Volac has officially opened a new £5 million plant in South Wales to manufacture its Ecosyl branded range of silage additives.
Welsh deputy agriculture minister Rebecca Evans performed the ceremony at the factory in Port Talbot last week, in front of an audience of suppliers and trade customers from the UK and overseas.
Volac has had a presence in Port Talbot since 1990, when it opened its first fermentation facility to provide the freeze-dried bacterial silage additive marketed under the Agros brand. Output grew to a volume sufficient to treat around a million tonnes of silage per annum by the year 2000, whereupon a further £250,000 was invested to increase production capacity for the company’s own brands as well as enabling third party toll manufacture for the first time. Another decade on, and the plant was close to its 3.6m tonnes of treated product capacity.
A subsequent approach from Ecosyl – then based in North Yorkshire – for Volac to make its MTD1 bacteria (the company relied on toll manufacturers for all its production) led to Volac acquiring the business in 2012. This enabled Volac to consolidate silage additive production at Port Talbot in a significantly extended and upgraded plant suitable for both the Ecosyl and Agros ranges. The new factory can produce enough product to treat 15m tonnes of forage annually for domestic and export markets.
Managing director of Volac David Neville estimates that about 30m tonnes of forage is made in the UK each year, of which around one-third is treated with additive, a market sector worth around £12 million annually. So there is great potential to increase the volume treated, as well as growing the company’s share of the existing treated share by offering better products, he says.
Volac aims to improve the profitability of farmed ruminant animal systems through better silage yield and quality, emphasises Mr Neville. While average UK dairy herd milk yields have risen over the last decade, the average yield from forage has been stubbornly static at 2,500 litres. Therefore there is great potential to reduce dry matter losses from fermented forage and minimise feed value loss through better aerobic stability.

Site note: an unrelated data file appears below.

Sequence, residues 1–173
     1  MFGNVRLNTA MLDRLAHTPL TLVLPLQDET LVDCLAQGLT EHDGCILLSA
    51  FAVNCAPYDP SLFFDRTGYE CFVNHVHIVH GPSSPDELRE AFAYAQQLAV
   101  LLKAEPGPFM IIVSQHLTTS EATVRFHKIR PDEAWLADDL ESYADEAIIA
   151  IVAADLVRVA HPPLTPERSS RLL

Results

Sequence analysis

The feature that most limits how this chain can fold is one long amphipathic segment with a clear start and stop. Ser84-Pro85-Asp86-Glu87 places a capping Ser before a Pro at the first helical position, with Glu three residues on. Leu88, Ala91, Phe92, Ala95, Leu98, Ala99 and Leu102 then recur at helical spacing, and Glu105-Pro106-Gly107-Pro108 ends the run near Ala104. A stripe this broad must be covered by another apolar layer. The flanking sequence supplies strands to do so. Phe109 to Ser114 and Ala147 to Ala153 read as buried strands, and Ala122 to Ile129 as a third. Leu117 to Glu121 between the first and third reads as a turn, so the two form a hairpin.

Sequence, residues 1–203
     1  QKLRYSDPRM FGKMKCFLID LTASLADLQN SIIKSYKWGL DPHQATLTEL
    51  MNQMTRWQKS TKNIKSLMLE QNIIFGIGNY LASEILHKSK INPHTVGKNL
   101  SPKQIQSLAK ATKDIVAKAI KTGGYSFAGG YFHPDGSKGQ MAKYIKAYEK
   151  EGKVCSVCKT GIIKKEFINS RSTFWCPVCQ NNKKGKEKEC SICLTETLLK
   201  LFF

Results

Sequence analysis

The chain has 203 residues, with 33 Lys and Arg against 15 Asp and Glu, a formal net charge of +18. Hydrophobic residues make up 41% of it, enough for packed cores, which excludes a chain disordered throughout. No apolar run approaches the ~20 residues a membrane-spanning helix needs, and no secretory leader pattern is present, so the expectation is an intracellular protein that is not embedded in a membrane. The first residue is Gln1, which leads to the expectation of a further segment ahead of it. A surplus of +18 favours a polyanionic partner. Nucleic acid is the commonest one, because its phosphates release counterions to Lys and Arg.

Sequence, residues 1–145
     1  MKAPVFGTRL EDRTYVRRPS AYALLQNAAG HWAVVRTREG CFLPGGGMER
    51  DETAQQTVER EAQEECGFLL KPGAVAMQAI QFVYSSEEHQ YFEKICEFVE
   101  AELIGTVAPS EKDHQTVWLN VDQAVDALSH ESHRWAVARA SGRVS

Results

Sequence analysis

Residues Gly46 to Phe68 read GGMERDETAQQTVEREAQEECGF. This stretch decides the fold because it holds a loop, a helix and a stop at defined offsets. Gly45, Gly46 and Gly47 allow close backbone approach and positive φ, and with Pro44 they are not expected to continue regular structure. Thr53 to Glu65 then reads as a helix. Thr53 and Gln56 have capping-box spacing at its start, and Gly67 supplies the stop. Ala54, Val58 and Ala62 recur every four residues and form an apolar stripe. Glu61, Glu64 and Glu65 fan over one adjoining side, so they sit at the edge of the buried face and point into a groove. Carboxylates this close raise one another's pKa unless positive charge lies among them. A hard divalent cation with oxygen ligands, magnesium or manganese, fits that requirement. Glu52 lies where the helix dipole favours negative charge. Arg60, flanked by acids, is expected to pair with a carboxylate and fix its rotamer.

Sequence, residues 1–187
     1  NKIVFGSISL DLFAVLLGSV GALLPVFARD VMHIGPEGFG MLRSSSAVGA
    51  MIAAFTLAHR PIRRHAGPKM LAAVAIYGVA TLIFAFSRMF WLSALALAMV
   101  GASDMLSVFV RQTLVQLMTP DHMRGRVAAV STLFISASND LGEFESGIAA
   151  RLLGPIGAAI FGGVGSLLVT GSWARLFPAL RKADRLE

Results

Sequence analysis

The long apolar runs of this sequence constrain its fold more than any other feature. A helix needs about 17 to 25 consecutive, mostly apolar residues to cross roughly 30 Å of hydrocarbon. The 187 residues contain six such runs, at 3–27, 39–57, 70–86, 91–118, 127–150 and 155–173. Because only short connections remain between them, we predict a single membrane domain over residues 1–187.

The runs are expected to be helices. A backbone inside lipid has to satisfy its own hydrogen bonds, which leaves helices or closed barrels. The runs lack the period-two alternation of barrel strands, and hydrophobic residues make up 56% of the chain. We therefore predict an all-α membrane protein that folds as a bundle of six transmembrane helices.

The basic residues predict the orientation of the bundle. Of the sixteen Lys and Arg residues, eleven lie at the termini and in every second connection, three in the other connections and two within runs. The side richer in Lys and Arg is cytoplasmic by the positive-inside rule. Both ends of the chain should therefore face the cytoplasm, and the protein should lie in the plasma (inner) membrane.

The latest expansion uses a continuous fermentation process, technically much more complex than the previous batch production, but with a greater output. The investment includes new freeze drying, packing and storage facilities and a conference centre. In addition, there are new R&D laboratories, with a pilot fermentation plant and mini silos to test existing and new additives. It is the first time that the company’s production and R&D have been side by side.
The improved R&D resources mean that Volac can carry out molecular biology level analyses of its microbes in order to improve their efficiency and capability. Particular aims are to improve fermentation; the conservation of nutrients and the aerobic stability of silages. Volac is also partnering with a number of external organisations in its R&D programme, including CEDAR and IBERS in the UK, the nearby University of Swansea and bodies in the US, Germany, Israel and Japan.
The first fruit of this research is Ecocool – a combination of Ecosyl and Volac microbe strains in a low volume formulation designed to control the aerobic spoilage of conserved forages. The product is suitable for ultralow volume applications, while its reduced bulk makes it more efficient to export.
Ongoing advances in molecular genetics means that Volac can develop products that increase the efficiency of microbial action in forage conservation. But, as the products become more effective, the challenge is to educate users in applying them effectively. This means attention to detail – compacting the clamp properly, ensuring it is forage is securely sheeted to exclude the air and that products are sourced in advance rather than at the last moment.
“The new R&D laboratory is equipped with the latest microbiological and molecular biology capabilities to identify new bacterial strains which ultimately will make better silage,” says R&D manager Phil Jones. “Our researchers all have the opportunity to understand how these strains offer animal performance benefits and also to isolate and develop new strains to enable all livestock farmers to improve their efficiency.
“Whilst we create new export opportunities, we also look forward to encouraging collaborative relationships with researchers in Wales and universities worldwide, as we develop the Port Talbot facility as a site of global biotech excellence,” he concludes.